### Statistical analysis

Statistical tests such as t-test and analysis of variance were used to see the differences in subscale items along with socioeconomic groups. This study is further extended to explore the relationship between social support and other socioeconomic characteristics of the patients. Therefore, we used univariate logistic and multivariable logistic regressions. Furthermore, the social support index was converted into a dichotomous variable, taking the mean value as a cut point following other relevant studies.34–37

## Results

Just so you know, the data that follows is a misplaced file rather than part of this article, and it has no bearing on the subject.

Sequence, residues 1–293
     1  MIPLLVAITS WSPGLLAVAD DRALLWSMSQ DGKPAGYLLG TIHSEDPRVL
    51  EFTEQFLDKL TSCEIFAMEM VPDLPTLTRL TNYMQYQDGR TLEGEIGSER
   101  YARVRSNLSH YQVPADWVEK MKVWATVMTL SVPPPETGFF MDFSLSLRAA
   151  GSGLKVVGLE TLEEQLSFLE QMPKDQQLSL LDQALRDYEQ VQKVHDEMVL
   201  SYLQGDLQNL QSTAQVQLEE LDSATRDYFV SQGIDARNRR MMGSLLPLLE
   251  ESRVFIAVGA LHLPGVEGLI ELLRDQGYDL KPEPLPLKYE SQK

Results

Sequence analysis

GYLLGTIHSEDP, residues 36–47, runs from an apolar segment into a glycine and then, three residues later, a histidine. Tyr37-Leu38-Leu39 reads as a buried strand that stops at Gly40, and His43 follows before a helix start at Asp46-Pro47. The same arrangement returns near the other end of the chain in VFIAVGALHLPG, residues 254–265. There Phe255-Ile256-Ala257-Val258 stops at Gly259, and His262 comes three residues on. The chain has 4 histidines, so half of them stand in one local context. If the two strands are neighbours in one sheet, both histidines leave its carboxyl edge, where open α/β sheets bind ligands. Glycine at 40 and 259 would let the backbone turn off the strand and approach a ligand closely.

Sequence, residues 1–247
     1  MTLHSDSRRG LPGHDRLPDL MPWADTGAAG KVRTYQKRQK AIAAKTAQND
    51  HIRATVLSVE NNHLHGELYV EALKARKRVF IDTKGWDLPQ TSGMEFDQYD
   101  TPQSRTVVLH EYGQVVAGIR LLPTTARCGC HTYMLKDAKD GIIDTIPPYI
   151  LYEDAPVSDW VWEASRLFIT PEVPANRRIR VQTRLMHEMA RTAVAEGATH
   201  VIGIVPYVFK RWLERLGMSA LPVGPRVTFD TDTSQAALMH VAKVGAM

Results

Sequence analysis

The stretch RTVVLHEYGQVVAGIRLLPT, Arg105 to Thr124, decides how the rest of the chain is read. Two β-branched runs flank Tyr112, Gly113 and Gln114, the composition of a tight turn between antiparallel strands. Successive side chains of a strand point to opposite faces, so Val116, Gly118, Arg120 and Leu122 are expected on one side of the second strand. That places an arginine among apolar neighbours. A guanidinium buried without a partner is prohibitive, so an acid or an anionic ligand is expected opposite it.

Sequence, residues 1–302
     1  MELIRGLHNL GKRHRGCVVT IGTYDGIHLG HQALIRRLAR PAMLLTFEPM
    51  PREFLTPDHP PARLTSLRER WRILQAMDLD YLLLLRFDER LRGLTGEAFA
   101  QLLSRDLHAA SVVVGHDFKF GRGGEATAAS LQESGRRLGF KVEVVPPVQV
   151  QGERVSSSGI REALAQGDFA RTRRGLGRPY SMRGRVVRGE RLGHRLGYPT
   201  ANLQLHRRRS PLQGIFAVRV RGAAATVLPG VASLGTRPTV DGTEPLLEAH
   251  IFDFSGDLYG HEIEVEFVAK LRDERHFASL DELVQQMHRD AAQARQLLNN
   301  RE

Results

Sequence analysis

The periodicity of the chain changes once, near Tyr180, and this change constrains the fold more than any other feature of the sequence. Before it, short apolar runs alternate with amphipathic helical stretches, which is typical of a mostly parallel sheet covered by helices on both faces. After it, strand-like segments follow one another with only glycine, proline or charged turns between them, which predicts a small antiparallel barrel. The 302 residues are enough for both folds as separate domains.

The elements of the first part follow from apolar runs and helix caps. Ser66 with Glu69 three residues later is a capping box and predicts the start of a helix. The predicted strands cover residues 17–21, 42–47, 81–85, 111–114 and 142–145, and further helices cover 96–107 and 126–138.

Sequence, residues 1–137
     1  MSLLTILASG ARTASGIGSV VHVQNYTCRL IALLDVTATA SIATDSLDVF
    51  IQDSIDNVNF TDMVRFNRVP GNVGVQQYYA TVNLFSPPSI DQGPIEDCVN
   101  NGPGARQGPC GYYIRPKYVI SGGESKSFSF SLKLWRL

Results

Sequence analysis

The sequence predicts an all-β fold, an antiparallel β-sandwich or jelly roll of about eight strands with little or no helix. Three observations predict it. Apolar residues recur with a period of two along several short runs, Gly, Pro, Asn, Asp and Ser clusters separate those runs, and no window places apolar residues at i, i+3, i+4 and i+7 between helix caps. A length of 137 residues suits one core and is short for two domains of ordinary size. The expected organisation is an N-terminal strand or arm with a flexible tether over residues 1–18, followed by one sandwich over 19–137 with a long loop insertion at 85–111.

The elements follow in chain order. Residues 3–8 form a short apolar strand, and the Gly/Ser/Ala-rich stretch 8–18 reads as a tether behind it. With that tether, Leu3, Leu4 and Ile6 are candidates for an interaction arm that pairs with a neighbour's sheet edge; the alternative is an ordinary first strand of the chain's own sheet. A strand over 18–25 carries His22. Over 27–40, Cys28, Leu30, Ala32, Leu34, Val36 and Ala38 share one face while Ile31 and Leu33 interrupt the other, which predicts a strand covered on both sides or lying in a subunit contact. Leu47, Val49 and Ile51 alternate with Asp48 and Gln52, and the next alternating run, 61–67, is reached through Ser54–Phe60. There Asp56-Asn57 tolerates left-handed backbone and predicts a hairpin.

Patients were mostly young (56.13% were of ages ranging from 15 to 30 years). Among the total participants, 51.67% were female. Married patients were 60.2%, and 54.65% had 5–10 household members. Majority of them were illiterate (51.28%). In addition, most of the patients (62.45%) were living in rural areas (table 1). Most of the patients were from the low-income class: 54.65% made <US$250 per month as household income. Besides, 34.20% and 28.63% were wage labourers and had agriculture as the main source of the family’s income, respectively. Table 1 Demographic information of participants ### Summary of social support items In all the eight items of subscales, most of the respondents had an emotional/information support score of 3.5. The mean score of all items was 3.42 (table 2). ‘To give you advice’ and ‘to prepare your meals’ had the highest score (3.55). In contrast, ‘get together for relaxation’ and ‘help you get your mind off things’ showed the lowest score (3.14). Table 2 Frequency distribution of social support measuring items ### Descriptive statistics of subscale measuring items The mean scores of the subscales are from 53.62 (minimum) to 63.22 (maximum). Cronbach’s alpha values ranged from 0.79 to 0.95. The overall average value of social support was 60.14 and was taken as a cut point to make a dichotomous dependent variable (table 3). Table 3 Mean scores of the subscales ### Comparison among patients’ social support scores in different subscales As shown in table 4, there is a significant difference (p≤0.01) in almost all subscales of social support with all age groups except for tangible support. The results for overall support index was higher (66.31) in men than in the women (54.37), and there is a significant difference (p≤0.01) between men and women in all subscales of social support. Unmarried patients received better emotional/information support than other patients who were married and widows (p≤0.01). Patients with a larger household’s size or owned the house receive better social support in all aspects (all p values were ≤0.05). Patients who were living in urban areas received better tangible support (p≤0.05), and literate patients had better positive interaction (p≤0.05). There was no significant difference in all social support scales among the patients’ main households’ occupation groups. Table 4 Socioeconomic characteristics and patients’ social support scores in all subscales ### Results of the regression model In regression analysis, the p value of the Hosmer and Lemeshow test was 0.487, revealing good model fit (table 5). Factors such as the age of the patients, sex, marital status, household size, monthly income and house ownership were identified as significant factors associated with the social support received by the patients. There was no significant difference in main households’ occupation. Therefore, we have excluded this variable in the regression model. Patients in the age group 51–60 years were more likely to receive social support than the adolescent group between 15 and 20 years old (adjusted OR=6.17, 95% CI 1.55 to 24.59). Men were more likely to receive social support than women (adjusted OR=2.73, 95% CI 1.49 to 4.98). Social support received by widows was lower than unmarried participants (adjusted OR=0.17, 95% CI 0.04 to 0.80). Patients who had >15 family members received a higher level of social support than the lowest category of the household size (adjusted OR=5.69, 95% CI 1.32 to 24.65). Patients with >US$750 monthly income were more likely to acquire social support than the lowest income group (adjusted OR=2.0, 95% CI 1.11 to 3.60). Patients who owned their houses were also more likely to get support than non-owners (adjusted OR=1.99, 95% CI 1.10 to 3.60).